100 nm scale low-noise sensors based on aligned carbon nanotube networks: Overcoming the fundamental limitation of network-based sensors

Minbaek Lee, Joohyung Lee, Tae Hyun Kim, Hyungwoo Lee, Byung Yang Lee, June Park, Young Min Jhon, Maeng Je Seong, Seunghun Hong

Research output: Contribution to journalArticle

24 Citations (Scopus)

Abstract

Nanoscale sensors based on single-walled carbon nanotube (SWNT) networks have been considered impractical due to several fundamental limitations such as a poor sensitivity and small signal-to-noise ratio. Herein, we present a strategy to overcome these fundamental problems and build highly-sensitive low-noise nanoscale sensors simply by controlling the structure of the SWNT networks. In this strategy, we prepared nanoscale width channels based on aligned SWNT networks using a directed assembly strategy. Significantly, the aligned network-based sensors with narrower channels exhibited even better signal-to-noise ratio than those with wider channels, which is opposite to conventional random network-based sensors. As a proof of concept, we demonstrated 100nm scale low-noise sensors to detect mercury ions with the detection limit of ∼1pM, which is superior to any state-of-the-art portable detection system and is below the allowable limit of mercury ions in drinking water set by most government environmental protection agencies. This is the first demonstration of 100nm scale low-noise sensors based on SWNT networks. Considering the increased interests in high-density sensor arrays for healthcare and environmental protection, our strategy should have a significant impact on various industrial applications.

Original languageEnglish
Article number055504
JournalNanotechnology
Volume21
Issue number5
DOIs
Publication statusPublished - 2010 Jan 18
Externally publishedYes

Fingerprint

Carbon Nanotubes
Noise
Carbon nanotubes
Single-walled carbon nanotubes (SWCN)
Sensors
Signal-To-Noise Ratio
Mercury
Ions
United States Environmental Protection Agency
Signal to noise ratio
Conservation of Natural Resources
Drinking Water
Limit of Detection
Environmental Protection Agency
Sensor arrays
Environmental protection
Delivery of Health Care
Potable water
Industrial applications
Demonstrations

ASJC Scopus subject areas

  • Bioengineering
  • Chemistry(all)
  • Electrical and Electronic Engineering
  • Mechanical Engineering
  • Mechanics of Materials
  • Materials Science(all)

Cite this

100 nm scale low-noise sensors based on aligned carbon nanotube networks : Overcoming the fundamental limitation of network-based sensors. / Lee, Minbaek; Lee, Joohyung; Kim, Tae Hyun; Lee, Hyungwoo; Lee, Byung Yang; Park, June; Jhon, Young Min; Seong, Maeng Je; Hong, Seunghun.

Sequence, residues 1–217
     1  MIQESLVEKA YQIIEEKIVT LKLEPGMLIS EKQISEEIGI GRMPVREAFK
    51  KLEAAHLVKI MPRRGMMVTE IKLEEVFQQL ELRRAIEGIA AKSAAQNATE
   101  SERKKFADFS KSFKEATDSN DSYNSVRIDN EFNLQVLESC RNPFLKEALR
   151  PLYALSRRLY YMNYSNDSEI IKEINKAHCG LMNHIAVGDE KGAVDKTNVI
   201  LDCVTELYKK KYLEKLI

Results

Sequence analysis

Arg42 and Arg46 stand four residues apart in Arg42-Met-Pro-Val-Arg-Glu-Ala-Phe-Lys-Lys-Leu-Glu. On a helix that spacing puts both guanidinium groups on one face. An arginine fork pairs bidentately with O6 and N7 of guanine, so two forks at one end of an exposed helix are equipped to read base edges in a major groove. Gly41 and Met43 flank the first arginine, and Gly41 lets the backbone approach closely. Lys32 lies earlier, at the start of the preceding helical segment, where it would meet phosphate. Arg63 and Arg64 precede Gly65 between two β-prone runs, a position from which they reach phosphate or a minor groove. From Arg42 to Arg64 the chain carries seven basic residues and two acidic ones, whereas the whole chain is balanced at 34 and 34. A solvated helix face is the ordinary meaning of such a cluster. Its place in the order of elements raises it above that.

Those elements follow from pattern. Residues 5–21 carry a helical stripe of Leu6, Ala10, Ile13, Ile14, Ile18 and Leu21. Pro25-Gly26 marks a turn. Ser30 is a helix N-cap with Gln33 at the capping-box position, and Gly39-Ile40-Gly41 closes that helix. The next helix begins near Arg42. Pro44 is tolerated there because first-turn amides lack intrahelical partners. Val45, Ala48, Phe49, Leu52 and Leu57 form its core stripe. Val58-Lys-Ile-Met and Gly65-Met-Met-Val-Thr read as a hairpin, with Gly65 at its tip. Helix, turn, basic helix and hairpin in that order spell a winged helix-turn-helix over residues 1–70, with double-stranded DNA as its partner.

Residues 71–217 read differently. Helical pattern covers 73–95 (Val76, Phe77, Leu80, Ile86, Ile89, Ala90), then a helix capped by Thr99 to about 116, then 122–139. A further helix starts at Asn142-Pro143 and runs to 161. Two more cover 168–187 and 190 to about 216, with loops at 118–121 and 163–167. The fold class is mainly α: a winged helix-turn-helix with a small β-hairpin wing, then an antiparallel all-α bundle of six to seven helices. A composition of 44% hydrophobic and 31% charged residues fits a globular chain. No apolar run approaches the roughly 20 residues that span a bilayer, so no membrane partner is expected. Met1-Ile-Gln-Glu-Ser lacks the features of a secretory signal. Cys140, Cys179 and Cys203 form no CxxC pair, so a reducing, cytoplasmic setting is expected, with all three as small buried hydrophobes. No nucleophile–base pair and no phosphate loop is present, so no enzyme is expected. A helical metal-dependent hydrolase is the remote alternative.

In: Nanotechnology, Vol. 21, No. 5, 055504, 18.01.2010.

Research output: Contribution to journalArticle

Lee, Minbaek ; Lee, Joohyung ; Kim, Tae Hyun ; Lee, Hyungwoo ; Lee, Byung Yang ; Park, June ; Jhon, Young Min ; Seong, Maeng Je ; Hong, Seunghun. / 100 nm scale low-noise sensors based on aligned carbon nanotube networks : Overcoming the fundamental limitation of network-based sensors. In: Nanotechnology. 2010 ; Vol. 21, No. 5.
@article{b43458b8ce0f4dcc90647b0b18df4afe,
title = "100 nm scale low-noise sensors based on aligned carbon nanotube networks: Overcoming the fundamental limitation of network-based sensors",
abstract = "Nanoscale sensors based on single-walled carbon nanotube (SWNT) networks have been considered impractical due to several fundamental limitations such as a poor sensitivity and small signal-to-noise ratio. Herein, we present a strategy to overcome these fundamental problems and build highly-sensitive low-noise nanoscale sensors simply by controlling the structure of the SWNT networks. In this strategy, we prepared nanoscale width channels based on aligned SWNT networks using a directed assembly strategy. Significantly, the aligned network-based sensors with narrower channels exhibited even better signal-to-noise ratio than those with wider channels, which is opposite to conventional random network-based sensors. As a proof of concept, we demonstrated 100nm scale low-noise sensors to detect mercury ions with the detection limit of ∼1pM, which is superior to any state-of-the-art portable detection system and is below the allowable limit of mercury ions in drinking water set by most government environmental protection agencies. This is the first demonstration of 100nm scale low-noise sensors based on SWNT networks. Considering the increased interests in high-density sensor arrays for healthcare and environmental protection, our strategy should have a significant impact on various industrial applications.",